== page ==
Laboratory testing is an integral part of the Scottish Down’s Syndrome Screening Programme. The screening programme estimates the probability of a pregnant woman having a baby affected by Down’s syndrome or other rare conditions.
Based in the Western General, Edinburgh, the lab provides screening for women who are in their first trimester of pregnancy. For women in the second trimester, we commission screening services from the Royal Bolton Hospital, Manchester.
What is pregnancy screening for Down’s syndrome?
There are different ways of screening for Down’s syndrome. Women are offered a blood test combined with an ultrasound scan.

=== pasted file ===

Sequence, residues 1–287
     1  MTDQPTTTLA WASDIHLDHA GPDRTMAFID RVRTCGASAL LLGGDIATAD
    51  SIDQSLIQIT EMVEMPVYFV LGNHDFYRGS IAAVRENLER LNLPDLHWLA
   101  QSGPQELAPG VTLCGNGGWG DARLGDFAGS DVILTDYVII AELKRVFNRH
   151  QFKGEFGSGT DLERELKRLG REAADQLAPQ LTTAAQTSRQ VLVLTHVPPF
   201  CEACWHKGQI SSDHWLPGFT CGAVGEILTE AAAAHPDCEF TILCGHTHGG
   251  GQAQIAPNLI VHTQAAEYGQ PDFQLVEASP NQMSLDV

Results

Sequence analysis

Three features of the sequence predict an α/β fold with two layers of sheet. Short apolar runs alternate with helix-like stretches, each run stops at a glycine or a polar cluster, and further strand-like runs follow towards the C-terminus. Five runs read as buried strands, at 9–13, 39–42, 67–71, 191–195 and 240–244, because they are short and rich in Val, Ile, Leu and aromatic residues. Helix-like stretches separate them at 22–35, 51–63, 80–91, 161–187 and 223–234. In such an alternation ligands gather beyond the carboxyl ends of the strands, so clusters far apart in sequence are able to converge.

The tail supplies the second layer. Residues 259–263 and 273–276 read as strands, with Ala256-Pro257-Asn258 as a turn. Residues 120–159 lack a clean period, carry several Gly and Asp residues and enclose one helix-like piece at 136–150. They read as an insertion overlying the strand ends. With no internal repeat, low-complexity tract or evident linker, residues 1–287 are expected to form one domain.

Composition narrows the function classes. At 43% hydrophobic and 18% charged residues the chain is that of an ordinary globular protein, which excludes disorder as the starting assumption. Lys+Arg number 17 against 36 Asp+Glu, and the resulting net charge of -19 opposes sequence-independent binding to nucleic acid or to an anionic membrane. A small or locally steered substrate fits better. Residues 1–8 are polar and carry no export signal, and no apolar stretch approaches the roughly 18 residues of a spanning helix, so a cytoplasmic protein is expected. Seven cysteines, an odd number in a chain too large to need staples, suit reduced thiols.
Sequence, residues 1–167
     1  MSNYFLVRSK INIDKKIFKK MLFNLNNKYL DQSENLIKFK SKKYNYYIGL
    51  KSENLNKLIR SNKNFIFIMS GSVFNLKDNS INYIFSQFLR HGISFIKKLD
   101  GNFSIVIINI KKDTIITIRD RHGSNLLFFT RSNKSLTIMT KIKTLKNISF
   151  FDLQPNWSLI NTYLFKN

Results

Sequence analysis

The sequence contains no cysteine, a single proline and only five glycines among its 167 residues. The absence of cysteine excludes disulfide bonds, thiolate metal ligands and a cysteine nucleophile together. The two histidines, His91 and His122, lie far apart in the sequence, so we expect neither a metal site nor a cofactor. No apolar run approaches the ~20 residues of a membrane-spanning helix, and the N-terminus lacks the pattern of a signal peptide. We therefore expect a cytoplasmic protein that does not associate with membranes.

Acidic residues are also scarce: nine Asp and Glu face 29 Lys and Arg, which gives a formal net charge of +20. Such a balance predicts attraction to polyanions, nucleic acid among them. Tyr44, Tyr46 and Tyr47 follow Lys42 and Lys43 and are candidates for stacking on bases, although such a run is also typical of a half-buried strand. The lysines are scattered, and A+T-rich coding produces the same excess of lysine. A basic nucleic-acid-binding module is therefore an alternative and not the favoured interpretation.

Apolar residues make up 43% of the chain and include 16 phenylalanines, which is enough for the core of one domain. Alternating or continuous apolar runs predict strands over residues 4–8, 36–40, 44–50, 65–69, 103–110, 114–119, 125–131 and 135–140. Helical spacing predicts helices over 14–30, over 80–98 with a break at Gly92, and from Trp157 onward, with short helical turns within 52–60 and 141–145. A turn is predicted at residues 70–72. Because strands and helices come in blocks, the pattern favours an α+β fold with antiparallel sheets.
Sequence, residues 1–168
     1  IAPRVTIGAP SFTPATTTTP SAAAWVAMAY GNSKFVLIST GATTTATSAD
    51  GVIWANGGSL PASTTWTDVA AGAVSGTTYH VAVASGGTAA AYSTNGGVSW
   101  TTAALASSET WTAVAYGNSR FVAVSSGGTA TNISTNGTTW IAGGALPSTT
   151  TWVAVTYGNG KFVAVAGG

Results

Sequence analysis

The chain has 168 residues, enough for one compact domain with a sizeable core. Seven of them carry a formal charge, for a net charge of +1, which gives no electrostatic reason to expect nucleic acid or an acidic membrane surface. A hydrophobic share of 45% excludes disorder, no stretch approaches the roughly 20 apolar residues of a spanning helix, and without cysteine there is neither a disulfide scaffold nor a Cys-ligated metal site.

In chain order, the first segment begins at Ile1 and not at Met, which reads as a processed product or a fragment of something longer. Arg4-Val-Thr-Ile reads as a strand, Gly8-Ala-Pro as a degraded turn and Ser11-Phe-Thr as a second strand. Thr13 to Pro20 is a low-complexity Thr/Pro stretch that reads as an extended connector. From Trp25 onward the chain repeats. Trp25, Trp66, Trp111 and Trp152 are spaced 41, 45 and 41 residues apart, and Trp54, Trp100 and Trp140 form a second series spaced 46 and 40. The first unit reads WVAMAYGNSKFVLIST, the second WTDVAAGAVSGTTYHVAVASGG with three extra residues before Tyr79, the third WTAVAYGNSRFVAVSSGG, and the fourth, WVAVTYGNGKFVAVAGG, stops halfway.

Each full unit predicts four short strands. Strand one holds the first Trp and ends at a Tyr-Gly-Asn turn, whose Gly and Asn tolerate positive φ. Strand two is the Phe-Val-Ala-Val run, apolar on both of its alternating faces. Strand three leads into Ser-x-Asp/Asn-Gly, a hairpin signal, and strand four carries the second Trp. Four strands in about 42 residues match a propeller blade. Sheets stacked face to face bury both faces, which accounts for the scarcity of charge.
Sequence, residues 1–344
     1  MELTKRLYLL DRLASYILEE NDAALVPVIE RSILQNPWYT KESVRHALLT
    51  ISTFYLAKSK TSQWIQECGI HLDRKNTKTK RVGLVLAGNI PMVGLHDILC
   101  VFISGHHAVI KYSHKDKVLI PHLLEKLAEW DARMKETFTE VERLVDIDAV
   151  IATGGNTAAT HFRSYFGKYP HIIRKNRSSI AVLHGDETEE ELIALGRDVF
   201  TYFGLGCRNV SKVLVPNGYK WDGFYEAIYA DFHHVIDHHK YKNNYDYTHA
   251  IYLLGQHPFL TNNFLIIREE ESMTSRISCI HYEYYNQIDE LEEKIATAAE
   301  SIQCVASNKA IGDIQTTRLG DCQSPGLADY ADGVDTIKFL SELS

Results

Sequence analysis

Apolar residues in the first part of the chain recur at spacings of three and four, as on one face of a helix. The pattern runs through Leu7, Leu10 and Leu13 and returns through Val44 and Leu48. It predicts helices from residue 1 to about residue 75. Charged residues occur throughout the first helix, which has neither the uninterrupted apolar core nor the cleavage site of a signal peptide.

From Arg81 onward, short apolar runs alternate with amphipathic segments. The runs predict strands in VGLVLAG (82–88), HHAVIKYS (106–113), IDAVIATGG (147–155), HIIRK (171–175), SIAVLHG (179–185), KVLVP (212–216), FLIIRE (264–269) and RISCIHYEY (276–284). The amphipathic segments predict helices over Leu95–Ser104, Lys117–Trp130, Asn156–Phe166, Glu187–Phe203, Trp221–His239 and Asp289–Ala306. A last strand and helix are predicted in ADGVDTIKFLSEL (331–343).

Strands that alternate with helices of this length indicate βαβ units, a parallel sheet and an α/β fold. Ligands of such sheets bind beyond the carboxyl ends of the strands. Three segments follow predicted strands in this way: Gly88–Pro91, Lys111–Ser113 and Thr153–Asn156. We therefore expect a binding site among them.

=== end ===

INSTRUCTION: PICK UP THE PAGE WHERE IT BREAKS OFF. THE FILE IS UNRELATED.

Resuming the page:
A sample of blood is usually taken between 11+2 and 20+0 weeks. The laboratory tests this blood to measure serum levels of certain substances. A computer programme then uses the results of the blood test (and ultrasound scan if a first trimester screen), along with mother’s age, weight, stage of pregnancy and any other relevant factors, to work out the chance of the baby having Down’s syndrome.
More information about Down's syndrome screening is available on the NHS Inform website.
Dr Lorna Rashid, Principal Clinical Scientist, Lothian
Dr Carolyn Williams, Consultant Biochemist & Director of Antenatal Screening, Bolton
Pregnancy Screening Laboratory
Western General Hospital
Dept of Lab Medicine
Royal Bolton Hospital
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